Epileptic EEG Data Classification

  • Introduction

Machine learning (ML), a cornerstone in the field of artificial intelligence (AI), has grown considerably over the past 20 years. ML builds on the principles of statistics and computing and systematically uses algorithms to uncover hidden properties and intrinsic connections in data. Widespread use of ML is observed in many areas (e.g. speech recognition, image pattern recognition, web search, spam filtering, autopilot). In medicine, ML increases the accuracy of prediction and detection of a certain disease as well as the evaluation of prognosis. For biomedical data, ML exposes principled, automated, and objective algorithms for complex and large data. For example, ML shows its advantage in gene selection over the application of classical trait selection.

The goal of ML is to recognize unexplored areas and to make predictions for certain upcoming events. The computational characteristic of ML is to generate a hypothesis through the experience of training (or examples) by algorithmic operations. ML tasks can generally be organized into two main branches: supervised or unsupervised. The first uses pre-tagged entries and aims to converge to the most optimized classifier through a “trained” algorithm to classify unlabeled data. Relative to the supervised method, unsupervised algorithms (for example, clustering and dimensionality reduction algorithms) refer to the process of establishing mathematical models after analyzing the similarities between the unlabeled input variables to detect trends, subgroups, or outliers. To some extent, it produces a significant improvement in learning accuracy.

The electroencephalogram (EEG) machine is a major tool for recording EEG, which plays a fundamental role in the study of epilepsy. EEG contains mainly scalp EEG and intracranial EEG (IEEG) depending on electrode location. EEG of the scalp exhibits oscillations with different frequencies, focusing on the frequency range of 0.5 to 25 Hz in the clinical image. In contrast, IEG carries and analyzes higher frequencies, providing relevant information. EEG is characterized by large spatiotemporal characteristics that cannot be adequately determined by conventional statistical methods. In this context, advanced ML methods can be used to process large-scale EEG signals and synthesize them into samples for classification. Figure 1 shows a portion of the ML phase of the EEG phase.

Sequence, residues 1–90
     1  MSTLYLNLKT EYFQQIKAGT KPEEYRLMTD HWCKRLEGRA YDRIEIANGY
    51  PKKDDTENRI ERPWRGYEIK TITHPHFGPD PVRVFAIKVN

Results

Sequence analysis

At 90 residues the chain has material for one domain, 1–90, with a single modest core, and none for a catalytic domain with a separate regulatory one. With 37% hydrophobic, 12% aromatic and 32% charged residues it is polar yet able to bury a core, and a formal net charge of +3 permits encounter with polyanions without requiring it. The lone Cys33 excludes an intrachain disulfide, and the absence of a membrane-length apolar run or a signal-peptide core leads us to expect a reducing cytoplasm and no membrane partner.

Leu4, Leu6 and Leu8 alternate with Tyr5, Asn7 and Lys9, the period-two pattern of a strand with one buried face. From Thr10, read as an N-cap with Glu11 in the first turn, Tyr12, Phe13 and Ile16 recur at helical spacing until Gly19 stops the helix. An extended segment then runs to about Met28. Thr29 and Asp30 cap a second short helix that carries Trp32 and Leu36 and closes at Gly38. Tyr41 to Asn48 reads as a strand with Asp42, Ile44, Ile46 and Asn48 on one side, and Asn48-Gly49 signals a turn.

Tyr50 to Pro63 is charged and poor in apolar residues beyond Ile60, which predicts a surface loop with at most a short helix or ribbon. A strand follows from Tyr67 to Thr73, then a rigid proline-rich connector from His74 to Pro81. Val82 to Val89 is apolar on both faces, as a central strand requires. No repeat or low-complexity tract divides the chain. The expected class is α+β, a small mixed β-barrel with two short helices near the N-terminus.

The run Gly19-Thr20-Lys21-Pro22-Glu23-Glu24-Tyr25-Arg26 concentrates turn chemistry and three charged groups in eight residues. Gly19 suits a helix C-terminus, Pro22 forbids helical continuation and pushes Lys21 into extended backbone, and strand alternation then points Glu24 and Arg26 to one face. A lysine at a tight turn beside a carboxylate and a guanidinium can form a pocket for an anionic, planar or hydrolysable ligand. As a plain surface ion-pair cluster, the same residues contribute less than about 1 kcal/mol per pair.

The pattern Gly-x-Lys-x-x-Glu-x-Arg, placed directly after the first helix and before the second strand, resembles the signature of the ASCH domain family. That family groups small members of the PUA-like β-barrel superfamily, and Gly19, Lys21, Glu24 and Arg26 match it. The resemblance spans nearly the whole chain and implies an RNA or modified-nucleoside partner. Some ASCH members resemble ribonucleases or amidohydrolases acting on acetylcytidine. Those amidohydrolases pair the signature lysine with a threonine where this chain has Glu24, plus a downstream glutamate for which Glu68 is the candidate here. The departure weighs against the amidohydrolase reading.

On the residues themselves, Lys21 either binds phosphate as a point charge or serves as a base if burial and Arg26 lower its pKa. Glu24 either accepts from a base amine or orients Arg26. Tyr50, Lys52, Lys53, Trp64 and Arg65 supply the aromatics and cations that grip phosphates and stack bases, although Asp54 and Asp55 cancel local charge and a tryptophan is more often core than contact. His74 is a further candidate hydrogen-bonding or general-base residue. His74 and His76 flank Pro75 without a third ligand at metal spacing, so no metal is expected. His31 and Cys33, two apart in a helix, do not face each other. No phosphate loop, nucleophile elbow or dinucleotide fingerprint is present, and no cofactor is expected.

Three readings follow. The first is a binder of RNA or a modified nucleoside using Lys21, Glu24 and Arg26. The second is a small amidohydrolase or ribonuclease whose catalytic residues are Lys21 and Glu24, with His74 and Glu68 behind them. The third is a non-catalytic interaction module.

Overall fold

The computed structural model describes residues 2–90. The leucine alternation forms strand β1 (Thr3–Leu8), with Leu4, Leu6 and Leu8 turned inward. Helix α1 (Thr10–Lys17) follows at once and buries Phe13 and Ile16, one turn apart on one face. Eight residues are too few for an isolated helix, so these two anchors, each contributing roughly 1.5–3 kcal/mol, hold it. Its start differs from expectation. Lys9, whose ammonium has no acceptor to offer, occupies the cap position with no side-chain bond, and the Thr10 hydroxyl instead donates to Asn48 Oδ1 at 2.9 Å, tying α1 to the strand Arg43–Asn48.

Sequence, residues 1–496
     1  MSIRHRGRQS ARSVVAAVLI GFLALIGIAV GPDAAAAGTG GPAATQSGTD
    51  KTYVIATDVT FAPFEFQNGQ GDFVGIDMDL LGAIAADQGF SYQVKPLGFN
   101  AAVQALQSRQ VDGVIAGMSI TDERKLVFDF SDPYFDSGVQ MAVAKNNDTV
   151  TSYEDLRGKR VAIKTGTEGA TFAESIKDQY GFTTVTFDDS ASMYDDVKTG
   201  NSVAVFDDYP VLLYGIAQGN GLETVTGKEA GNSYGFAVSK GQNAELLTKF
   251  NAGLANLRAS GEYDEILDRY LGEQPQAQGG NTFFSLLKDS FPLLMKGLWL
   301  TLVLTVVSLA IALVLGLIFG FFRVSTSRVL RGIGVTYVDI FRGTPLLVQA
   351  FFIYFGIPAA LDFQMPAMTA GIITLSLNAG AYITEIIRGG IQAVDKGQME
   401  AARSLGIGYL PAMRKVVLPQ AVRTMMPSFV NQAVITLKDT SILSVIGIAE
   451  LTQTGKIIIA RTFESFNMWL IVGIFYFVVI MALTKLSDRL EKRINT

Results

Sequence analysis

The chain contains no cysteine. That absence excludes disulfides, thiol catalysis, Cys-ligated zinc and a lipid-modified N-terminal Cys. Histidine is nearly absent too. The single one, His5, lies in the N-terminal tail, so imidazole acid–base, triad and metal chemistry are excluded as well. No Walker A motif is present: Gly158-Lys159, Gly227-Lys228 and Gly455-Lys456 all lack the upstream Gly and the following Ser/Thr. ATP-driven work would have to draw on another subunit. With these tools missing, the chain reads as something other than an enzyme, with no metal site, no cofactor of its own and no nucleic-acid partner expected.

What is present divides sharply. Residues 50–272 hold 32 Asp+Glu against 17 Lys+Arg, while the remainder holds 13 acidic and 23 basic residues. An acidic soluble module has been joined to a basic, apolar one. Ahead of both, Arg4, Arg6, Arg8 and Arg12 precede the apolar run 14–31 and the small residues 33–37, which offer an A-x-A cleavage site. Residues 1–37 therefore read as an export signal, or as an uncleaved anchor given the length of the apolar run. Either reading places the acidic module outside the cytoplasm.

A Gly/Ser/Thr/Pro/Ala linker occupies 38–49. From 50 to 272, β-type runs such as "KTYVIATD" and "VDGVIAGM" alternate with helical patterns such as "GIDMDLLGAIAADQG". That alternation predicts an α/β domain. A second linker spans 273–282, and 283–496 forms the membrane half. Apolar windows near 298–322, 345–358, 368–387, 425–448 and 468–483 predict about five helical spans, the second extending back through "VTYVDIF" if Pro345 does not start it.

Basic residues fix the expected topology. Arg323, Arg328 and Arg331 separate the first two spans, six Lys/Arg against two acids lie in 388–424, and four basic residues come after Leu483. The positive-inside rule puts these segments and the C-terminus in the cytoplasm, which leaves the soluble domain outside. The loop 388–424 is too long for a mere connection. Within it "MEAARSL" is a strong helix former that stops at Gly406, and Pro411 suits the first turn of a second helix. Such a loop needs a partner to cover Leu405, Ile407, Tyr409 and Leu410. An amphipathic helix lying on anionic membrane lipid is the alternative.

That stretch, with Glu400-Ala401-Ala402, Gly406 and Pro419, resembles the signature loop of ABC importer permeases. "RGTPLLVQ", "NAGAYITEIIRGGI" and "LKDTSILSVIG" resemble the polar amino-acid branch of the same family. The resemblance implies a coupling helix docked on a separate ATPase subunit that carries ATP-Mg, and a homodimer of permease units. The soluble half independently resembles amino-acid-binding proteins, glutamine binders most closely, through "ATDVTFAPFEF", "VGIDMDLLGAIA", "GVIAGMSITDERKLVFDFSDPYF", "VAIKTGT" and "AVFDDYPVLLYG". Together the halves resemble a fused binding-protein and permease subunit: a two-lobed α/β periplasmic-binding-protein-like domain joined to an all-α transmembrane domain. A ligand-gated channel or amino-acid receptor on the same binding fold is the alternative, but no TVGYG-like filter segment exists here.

Fig(1):  General steps for EEG treatment. “Feature extraction” refers to the simple data processing to extract hidden information from raw EEG signals from available channels (frequency content or spatial connectivity). The characteristic is divided into univariate characteristics (eg, spectral power) and bivariate characteristics (eg, cross-correlation). 

Seizure detection refers to identifying seizures immediately before or after the actual onset. Traditionally, neurology and specialists have used direct visual inspection to identify and classify EEG and above. However, manual labeling of EEG signals is time-consuming and inevitably contains some errors. Research on seizure identification began in the 1970s and there has been considerable effort to achieve this in EEG records. Reliable automatic seizure detection is a problem for several reasons. For example, the EEG pattern of seizures varies considerably from patient to patient, or even in the same patient if the seizures are initiated in other areas of the brain. Since the auto-detection process aims to prevent the onset of seizures, it is important to reduce the detection time, which requires quick and efficient management of the dynamic development of multiple EEG channels. .. Most early studies have shown results in the same lane as high Ogyeongbo rates and waiting times. We believe that eventually AI technology for solving various problems may be compared with the expertise of reading EEG.